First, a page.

Shri Kalu Sarkar who has compiled this anthology from the works of Sri Aurobindo and the Mother and has explained the justification of the compilation in his Introduction has been experimenting with several authentic alternative systems of Medicare and has evolved a method of treatment for certain maladies that has proved efficacious for patients both in India and abroad. He has inherited the idealism of his father, the late Shri Sudhir Sarkar a unique person indeed - one who had the rare privilege of being a follower of Sri Aurobindo both in the revolutionary and Yogic phases of the Master's life. Shri Kalu Sarkar has continued to serve with love and dedication those in need of his care, as one in charge of the Physiotherapy department of the Sri Aurobindo Ashram.
No doubt the compilation will throw light on a number of issue psycho-physical in nature that surface in our mind from time to time and, along with the acupressure principles explained with illustrations, be a practical guide in our approach to our welfare.
It is the hour and the moment when we need the guidance of the Supreme Master who having tested and experienced every step in evolution by His Yoga (tapasya), that silent actionless impersonal will which He has set here can at last be delivered to the aspiring and suffering humanity. No political leader, no demigod, no second-hand knowledge, no statesman or ascetic sannyasi or religious leader can bring about the true change. We are in the hands of the Supreme Power and are merely instruments of it, and nothing more.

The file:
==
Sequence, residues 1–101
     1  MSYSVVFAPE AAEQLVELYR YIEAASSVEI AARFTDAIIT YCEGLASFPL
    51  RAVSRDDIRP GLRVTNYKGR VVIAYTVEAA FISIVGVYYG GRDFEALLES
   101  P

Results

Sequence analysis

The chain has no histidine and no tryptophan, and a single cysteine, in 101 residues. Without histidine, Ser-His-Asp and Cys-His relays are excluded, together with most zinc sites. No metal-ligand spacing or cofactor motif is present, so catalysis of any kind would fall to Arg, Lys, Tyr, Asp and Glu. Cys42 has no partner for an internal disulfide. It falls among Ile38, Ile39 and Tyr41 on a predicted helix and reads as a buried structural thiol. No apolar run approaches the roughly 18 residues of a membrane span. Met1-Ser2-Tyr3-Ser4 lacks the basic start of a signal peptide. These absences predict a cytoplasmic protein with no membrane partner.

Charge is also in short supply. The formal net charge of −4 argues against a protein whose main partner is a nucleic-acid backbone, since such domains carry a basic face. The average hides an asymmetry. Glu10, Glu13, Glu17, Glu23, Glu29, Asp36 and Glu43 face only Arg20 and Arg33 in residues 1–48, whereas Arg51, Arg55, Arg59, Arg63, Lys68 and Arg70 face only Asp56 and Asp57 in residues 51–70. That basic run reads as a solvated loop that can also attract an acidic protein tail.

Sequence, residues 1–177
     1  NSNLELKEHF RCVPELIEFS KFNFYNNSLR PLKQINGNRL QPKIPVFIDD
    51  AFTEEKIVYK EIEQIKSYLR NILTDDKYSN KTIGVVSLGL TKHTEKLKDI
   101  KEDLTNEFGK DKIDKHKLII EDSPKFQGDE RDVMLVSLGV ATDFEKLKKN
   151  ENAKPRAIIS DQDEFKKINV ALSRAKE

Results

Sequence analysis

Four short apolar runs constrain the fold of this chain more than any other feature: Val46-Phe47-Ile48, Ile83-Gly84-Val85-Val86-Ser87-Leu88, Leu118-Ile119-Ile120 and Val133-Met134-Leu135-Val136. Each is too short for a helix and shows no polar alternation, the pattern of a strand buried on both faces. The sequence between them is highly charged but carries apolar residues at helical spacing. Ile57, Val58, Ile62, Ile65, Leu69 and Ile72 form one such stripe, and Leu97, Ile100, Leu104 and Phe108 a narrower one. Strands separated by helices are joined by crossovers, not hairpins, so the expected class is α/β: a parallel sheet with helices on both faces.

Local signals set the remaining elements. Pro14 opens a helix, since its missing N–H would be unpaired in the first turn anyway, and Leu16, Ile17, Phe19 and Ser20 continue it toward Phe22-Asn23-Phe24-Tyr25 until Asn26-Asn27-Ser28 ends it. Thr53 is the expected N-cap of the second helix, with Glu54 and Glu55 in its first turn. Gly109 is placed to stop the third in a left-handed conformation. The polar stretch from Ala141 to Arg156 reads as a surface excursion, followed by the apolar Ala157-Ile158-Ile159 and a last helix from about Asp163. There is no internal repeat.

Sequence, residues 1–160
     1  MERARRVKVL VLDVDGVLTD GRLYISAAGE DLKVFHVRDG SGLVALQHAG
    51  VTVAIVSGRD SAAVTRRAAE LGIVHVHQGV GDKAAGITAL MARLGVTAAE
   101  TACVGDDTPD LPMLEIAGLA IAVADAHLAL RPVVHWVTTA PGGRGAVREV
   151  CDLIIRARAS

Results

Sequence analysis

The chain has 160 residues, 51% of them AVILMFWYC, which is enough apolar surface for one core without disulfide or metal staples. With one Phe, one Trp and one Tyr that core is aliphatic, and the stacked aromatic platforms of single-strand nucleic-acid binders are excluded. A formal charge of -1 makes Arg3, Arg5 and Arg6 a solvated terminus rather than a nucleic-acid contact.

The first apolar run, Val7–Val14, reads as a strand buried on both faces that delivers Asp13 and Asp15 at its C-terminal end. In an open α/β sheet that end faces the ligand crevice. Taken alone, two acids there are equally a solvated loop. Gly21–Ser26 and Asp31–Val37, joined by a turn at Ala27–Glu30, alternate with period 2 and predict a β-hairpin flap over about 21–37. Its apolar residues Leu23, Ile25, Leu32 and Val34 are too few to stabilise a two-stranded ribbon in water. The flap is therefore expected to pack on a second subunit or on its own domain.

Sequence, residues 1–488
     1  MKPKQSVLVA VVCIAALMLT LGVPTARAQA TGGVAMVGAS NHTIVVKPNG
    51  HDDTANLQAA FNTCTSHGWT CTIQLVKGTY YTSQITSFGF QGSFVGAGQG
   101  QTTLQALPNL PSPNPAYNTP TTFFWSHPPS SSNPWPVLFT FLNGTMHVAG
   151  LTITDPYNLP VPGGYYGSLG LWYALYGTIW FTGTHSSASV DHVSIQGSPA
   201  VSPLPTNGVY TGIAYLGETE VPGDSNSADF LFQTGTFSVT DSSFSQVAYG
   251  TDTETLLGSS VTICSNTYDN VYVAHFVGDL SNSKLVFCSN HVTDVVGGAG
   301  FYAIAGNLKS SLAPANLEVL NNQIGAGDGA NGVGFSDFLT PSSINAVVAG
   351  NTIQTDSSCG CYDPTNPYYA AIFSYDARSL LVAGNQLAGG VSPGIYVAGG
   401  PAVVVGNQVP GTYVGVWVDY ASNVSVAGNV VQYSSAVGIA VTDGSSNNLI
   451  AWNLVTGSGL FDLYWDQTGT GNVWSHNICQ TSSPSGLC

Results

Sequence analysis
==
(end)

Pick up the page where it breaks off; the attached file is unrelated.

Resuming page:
Meanwhile man, half-conscious, god-fearing creature, has been pushed by Ignorance (Avidya), the play of the multiplicity. He has created for himself innumerable trappings and is being crushed by his own science. Over a hundred years ago, Sri Aurobindo foresaw that man will create machines after machines, convenience after convenience, and comfort will become uncomfortable.
Science, philosophy and criticism have established their usefulness for the mass of humanity by ministering to them luxury, comfort and convenience which all men desire and by arming them with justification for their misguided actions in the confused struggle of passions, interests, cravings and hankerings which are working with deadly corrosive effect throughout the world.
It is here that 'stress’, a word commonly used in modern society, is perhaps one of humanity's most dangerous enemies for it is the beginning of a silent hostile invasion that has crept into the life of unconscious man and is ready to eat away his sanity and physical well-being if left unattended.
Many believe that stress is a psychological condition brought about by one's inability to cope with the demands of modem-day life. But actually, stress is a psycho-physical condition entering largely through the nervous system and the gaping holes present in man's crude and unruly nature.
The symptoms are all too familiar: increased mental and emotional anxiety, lack of ability to control the thoughts and hence its outcome, the loss of concentration.
This has been the experience of the Western world and yet medical science has failed miserably in its attempt to secure a solution. Why is it that material science stumbles every time it tries to prove things that are out of its domain? The reason lies in the simple fact that science has been unable to follow the workings of Nature beyond the realms of Matter. For the root of the problem of stress lies deep within the subtle and subliminal regions of our being and so it is evident that that which has no knowledge and is ignorant of the subtle powers which uphold life is at once at a loss to make a diagnosis and a cure of the malady.
Where science has failed, however, eternal Indian Wisdom triumphs. It is in the higher knowledge concealed in our Self that we are able to find an answer not only to the riddle of our existence but also to the hidden meaning behind the sufferings and innumerable difficulties that mankind has long been facing.